Trigger Warning: This article includes testimony of sexual assault, violence and trauma.
In light of the Justice for Lena & Survivors of Sexual Assault Everywhere campaign, fronted by the brave Lena Sclove, Bluestockings Magazine will run an inaugural Brown Sexual Assault Series. We will be publishing various forms of testimonies about sexual violence, trauma and rape culture at Brown University. The series is an ongoing project to amplify the voices of survivors on-campus, provide them with a platform to recount their experiences, and to end the silence that stymies action and change.
If you would like to add your voice to the dialogue, please email email@example.com. We guarantee anonymity.
May 16, 2014
Dear President Paxson
We are writing as Brown graduates and founding members of its Sexual Assault Task Force to express our dismay over Brown’s failure to live up to its promise to provide a safe environment for survivors of sexual assault.
During our time at Brown, we worked closely with the administration and the office of Vice President Klawunn to craft changes to the disciplinary code aimed at ensuring more just penalties for perpetrators of sexual assault. Together, we broke the definition of sexual misconduct into tiers, defining Offense IIIb as “sexual misconduct that includes one or more of the following: penetration, violent physical force or injury” and specifying that “violations of Offense IIIb will result in more severe sanctions from the University, separation being the standard.” (Emphasis added.)
To us, “separation” means that a student found responsible for sexually assaulting another student should be expelled from Brown. Until this is actually the case, you cannot legitimately claim — as you did in a recent letter to the Student Task Force — that you “agree that there should be no tolerance of sexual assault or sexual harassment at Brown.”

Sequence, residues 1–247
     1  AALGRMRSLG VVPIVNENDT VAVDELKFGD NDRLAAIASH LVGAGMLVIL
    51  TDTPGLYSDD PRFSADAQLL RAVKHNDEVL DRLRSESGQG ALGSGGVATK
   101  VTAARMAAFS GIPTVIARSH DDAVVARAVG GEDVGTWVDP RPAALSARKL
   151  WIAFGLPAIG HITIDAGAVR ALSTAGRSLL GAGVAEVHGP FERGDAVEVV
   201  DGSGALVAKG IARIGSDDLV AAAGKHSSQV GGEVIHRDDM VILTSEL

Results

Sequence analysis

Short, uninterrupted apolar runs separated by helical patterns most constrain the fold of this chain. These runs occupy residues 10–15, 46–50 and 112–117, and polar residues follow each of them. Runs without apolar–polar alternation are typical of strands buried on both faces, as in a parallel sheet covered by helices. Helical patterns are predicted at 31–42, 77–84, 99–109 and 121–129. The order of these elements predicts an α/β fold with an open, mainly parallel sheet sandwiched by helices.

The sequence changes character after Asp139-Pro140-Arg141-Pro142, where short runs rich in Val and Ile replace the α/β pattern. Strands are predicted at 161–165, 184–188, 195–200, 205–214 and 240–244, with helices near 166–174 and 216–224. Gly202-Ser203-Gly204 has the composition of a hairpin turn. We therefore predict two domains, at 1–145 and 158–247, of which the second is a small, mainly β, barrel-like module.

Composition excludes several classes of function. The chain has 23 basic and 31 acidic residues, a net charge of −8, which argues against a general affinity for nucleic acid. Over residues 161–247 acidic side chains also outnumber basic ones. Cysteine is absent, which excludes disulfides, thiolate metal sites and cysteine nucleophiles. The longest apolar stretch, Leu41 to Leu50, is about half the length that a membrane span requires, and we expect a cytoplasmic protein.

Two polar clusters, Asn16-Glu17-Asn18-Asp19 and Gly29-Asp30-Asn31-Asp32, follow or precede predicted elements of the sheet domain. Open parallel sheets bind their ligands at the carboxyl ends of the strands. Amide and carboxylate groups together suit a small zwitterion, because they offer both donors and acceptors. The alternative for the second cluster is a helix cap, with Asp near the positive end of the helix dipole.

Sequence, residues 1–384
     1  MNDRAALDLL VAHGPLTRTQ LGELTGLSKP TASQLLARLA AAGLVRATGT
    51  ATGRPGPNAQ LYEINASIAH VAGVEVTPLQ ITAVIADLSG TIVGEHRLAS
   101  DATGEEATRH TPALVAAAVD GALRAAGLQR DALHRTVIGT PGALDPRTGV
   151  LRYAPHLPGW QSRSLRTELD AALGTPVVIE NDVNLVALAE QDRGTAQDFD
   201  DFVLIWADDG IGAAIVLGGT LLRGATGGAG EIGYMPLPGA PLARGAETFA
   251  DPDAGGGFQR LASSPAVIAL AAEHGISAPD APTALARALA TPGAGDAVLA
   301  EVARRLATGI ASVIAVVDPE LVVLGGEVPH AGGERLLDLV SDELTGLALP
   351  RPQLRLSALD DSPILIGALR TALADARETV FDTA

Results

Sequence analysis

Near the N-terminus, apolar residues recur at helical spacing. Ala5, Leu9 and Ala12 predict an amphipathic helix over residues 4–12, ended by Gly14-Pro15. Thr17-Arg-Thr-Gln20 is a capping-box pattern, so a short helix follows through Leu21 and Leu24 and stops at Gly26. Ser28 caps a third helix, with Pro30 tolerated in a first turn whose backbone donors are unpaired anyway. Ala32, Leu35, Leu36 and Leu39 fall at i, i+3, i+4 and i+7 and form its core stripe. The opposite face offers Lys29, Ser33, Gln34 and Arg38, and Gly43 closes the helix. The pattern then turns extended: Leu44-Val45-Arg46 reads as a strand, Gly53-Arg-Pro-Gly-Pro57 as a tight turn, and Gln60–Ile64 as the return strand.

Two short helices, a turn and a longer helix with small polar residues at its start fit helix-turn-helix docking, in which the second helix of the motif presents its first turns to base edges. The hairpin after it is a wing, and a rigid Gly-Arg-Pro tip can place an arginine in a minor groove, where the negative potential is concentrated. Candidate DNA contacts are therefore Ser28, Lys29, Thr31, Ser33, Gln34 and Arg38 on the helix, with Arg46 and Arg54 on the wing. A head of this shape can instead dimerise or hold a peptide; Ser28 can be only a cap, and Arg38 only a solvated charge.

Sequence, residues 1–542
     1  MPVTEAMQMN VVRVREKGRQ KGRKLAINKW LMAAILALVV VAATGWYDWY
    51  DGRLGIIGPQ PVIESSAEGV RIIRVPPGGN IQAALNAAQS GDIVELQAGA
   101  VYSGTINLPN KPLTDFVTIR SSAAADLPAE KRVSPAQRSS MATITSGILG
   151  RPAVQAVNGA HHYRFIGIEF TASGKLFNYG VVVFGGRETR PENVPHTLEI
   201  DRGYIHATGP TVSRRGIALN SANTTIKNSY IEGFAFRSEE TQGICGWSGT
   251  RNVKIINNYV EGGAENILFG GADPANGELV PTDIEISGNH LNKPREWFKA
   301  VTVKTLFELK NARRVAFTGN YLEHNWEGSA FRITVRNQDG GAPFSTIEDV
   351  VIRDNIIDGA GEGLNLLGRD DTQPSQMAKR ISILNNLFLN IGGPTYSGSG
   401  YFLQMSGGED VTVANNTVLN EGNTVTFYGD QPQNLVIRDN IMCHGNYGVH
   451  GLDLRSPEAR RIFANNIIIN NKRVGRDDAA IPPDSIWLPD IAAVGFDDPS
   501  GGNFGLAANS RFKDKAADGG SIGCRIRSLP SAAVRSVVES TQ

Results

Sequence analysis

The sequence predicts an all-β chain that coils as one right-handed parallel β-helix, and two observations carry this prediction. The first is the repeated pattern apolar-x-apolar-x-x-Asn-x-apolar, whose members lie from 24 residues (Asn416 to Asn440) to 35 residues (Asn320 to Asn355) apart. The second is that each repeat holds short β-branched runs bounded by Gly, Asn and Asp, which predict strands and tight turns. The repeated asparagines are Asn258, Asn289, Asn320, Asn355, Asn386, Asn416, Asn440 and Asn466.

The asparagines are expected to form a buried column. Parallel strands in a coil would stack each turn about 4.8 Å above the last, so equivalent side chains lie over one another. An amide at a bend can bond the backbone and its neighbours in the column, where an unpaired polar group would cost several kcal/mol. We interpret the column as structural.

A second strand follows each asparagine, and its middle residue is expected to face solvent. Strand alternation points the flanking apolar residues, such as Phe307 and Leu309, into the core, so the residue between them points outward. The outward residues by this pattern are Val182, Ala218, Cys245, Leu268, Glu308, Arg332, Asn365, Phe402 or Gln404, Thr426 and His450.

It was chilling to hear Lena Sclove reading aloud the language we crafted together with Brown administrators in the hopes of facilitating justice. Instead of improving Brown’s response to sexual assault, as we had hoped, that language has become public proof of Brown’s hypocrisy. That proof has gone viral on the Internet. Thousands are watching Brown in outrage.
Lena’s sexual assault has left her with lasting physical and emotional damage. It’s difficult to imagine a case that more obviously meets the definition of Offense IIIb, as it involved all three of the stipulated criteria — violent physical force, penetration and an enduring injury. Clearly, the disciplinary panel that presided over this case agreed. By failing to expel Lena Sclove’s rapist, Brown flouted the standard enshrined in its own disciplinary code.
While we were students, we also worked with the administration to ensure that cases of sexual misconduct were adjudicated by a three-person panel, instead of in a forum chosen by the accused, most often by a single dean. But it seems a kill switch was built into the system we worked so hard to craft together. How is it possible a dean was able to singlehandedly reduce the sentence recommended by the disciplinary panel? What’s the point of having a disciplinary proceeding at all, if a dean can throw away its recommendations and disregard the standard penalties agreed upon by the Brown community? This power must be taken away from individual administrators, particularly those who have repeatedly demonstrated their lack of judgment, as Dean Ward has both on this occasion as well as during our time at Brown. Back then, he imposed a penalty of deferred suspension with no transcript entry in a case where a student admitted to repeated acts of intimate partner violence against another Brown student.